The Caucasus Reserve, together with the NABU-Caucasus Non-Governmental Environmental Center, had organized the first bird count at Priazovsky Reserve, which is located on the active migration route of many shorebird species. Among local counters there were also participants from the NABU headquarter and Armenian branch. The monitoring activities were held on October 2-6. Several working groups were organized to carry out observations and counts at the sea coast of the Azove Sea, limans, fields and other bird accumulation sites.
The monitoring of shorebirds in limans and canals was done by motor boats, where huge accumulations of ducks were discovered. According to preliminary data, the Mallard was the most common species of ducks observed. Estimated number of Malards in the area is about 25,000 individuals. A lot of interesting data came from inspecting other areas of the reserve. Rare species have been found for the reserve, such as the Horned grebe (previously mentioned twice), the Great white pelican (first recorded in the reserve in 2016), Eurasian spoonbill, Common shelduck, Pied avocet, Common moorhen and Water rail. New bird species for the ornithofauna of the reserve were also found: Song thrush, Mistle thrush and Isabelline wheatear.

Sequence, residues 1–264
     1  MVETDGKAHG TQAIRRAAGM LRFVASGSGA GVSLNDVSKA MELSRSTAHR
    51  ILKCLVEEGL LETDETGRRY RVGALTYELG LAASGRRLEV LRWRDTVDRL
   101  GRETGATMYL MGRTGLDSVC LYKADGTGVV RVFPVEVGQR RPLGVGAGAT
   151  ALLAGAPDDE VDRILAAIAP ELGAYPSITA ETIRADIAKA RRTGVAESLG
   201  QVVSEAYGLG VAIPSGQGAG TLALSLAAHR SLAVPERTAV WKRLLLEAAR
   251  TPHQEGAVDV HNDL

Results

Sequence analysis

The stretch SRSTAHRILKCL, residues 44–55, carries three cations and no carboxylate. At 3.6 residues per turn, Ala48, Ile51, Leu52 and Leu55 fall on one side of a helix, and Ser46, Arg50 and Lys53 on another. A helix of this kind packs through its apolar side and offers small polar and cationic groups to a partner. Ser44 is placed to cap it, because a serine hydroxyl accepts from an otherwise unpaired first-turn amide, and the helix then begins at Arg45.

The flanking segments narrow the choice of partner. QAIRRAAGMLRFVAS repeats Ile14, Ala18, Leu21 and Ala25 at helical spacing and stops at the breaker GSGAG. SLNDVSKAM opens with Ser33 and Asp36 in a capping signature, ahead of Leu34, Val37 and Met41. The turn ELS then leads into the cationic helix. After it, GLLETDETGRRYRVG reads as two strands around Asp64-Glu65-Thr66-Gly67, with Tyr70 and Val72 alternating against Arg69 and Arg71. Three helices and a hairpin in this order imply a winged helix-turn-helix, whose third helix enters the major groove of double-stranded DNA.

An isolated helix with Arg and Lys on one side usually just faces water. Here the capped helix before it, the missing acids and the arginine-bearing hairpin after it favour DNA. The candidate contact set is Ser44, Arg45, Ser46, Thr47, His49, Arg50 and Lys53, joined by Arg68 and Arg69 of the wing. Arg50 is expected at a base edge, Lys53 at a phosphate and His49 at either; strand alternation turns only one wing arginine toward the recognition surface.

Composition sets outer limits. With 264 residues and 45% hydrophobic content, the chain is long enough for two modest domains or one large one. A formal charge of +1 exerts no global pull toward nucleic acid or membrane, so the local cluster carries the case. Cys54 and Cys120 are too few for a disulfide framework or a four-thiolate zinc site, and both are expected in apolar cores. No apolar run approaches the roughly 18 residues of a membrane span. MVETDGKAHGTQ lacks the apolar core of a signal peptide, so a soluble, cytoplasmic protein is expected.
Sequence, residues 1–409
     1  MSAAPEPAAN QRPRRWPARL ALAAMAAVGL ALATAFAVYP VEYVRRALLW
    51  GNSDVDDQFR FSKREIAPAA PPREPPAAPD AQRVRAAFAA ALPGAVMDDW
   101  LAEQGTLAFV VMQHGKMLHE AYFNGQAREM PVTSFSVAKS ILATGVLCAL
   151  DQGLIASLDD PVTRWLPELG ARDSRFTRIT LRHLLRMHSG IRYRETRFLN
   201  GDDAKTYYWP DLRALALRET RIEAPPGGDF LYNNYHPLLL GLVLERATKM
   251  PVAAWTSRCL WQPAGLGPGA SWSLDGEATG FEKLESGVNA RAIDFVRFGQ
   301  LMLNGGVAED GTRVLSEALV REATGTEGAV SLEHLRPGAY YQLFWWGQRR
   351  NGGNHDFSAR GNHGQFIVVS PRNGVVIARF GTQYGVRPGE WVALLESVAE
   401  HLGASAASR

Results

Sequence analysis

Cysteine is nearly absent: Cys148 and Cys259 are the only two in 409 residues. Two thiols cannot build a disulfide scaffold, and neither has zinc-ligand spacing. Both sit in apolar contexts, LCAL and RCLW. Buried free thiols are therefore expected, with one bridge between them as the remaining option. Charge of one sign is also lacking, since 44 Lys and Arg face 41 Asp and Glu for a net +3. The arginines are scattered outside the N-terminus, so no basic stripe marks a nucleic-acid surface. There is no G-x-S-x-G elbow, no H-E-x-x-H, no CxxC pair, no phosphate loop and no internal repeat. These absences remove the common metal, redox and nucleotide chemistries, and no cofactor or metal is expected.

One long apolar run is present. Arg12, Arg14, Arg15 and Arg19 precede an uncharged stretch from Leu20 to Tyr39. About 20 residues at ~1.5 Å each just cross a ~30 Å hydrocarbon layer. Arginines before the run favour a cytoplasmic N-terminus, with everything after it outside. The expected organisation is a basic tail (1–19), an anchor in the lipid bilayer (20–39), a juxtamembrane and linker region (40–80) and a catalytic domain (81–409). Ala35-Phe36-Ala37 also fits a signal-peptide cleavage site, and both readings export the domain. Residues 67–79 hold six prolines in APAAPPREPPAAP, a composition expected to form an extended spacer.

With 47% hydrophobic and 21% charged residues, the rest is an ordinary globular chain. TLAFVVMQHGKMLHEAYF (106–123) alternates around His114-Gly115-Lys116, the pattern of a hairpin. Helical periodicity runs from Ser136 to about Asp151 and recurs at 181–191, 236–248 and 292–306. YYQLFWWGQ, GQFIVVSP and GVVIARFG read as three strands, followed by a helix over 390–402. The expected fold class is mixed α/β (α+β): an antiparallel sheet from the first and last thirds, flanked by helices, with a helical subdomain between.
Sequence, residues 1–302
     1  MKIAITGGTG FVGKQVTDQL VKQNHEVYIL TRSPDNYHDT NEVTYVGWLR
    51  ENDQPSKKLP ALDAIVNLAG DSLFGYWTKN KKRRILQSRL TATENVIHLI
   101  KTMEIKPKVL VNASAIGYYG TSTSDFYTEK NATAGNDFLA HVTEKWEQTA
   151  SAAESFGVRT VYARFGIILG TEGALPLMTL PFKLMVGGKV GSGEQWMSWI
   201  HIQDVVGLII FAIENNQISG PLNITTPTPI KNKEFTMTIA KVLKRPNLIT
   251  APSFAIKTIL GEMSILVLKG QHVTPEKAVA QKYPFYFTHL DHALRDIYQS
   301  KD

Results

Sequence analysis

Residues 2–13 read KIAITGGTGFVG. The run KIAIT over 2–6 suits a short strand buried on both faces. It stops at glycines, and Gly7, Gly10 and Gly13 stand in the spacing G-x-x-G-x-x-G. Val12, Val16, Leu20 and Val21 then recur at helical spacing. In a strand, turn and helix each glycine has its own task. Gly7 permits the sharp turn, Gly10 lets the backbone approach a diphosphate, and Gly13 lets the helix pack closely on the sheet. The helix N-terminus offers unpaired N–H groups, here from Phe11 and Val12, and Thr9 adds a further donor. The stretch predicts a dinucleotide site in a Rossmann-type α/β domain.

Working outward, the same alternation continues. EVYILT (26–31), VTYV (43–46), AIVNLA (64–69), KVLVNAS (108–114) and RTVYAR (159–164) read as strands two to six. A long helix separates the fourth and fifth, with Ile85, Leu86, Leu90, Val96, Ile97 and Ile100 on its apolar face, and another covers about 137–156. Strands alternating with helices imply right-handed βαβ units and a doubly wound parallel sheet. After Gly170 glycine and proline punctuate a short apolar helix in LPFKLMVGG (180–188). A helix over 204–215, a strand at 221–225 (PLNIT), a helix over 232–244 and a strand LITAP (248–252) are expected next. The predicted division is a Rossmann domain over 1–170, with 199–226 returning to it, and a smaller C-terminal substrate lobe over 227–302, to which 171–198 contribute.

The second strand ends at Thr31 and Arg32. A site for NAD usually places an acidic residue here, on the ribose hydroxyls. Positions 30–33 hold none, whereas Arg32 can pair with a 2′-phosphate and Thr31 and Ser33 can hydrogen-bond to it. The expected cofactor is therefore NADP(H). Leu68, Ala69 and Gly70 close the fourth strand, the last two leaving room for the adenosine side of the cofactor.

In addition, drone surveys were conducted in difficult-to-reach areas for the shorebird counts. Results showed that this method is quite effective and can be used in cases when the area is not accessible for humans to reach by foot, car or motor boat. At a certain distance, the birds become visible, and they can be easily monitored and counted. Our survey showed that most of the species are not afraid of drones and they start to be aware of it only until it reaches distance about 10 meters far from them.
According to preliminary data, more than 90,000 individuals, belonging to more than 90 bird species, were identified during the survey. The final results will be available after the data will been processed.
This event was unique in the area of Priazovsky reserve not only because of its large scale of work, but also it was held during the international bird observation days – 5-6 of October. This year, on October 5 and 6, hundreds of people around the world traveled to the forests, gardens, meadows, marshes, seas and rivers to observe birds in their natural conditions. This environmental action is presented as a new type of recreation for people. It was first held in 1993 on the initiative of the BirdLife International Bird Conservation Association. Hundreds of thousands of bird lovers from more than 100 countries are taking part in this action today.
Photo: Alexander Perevozov.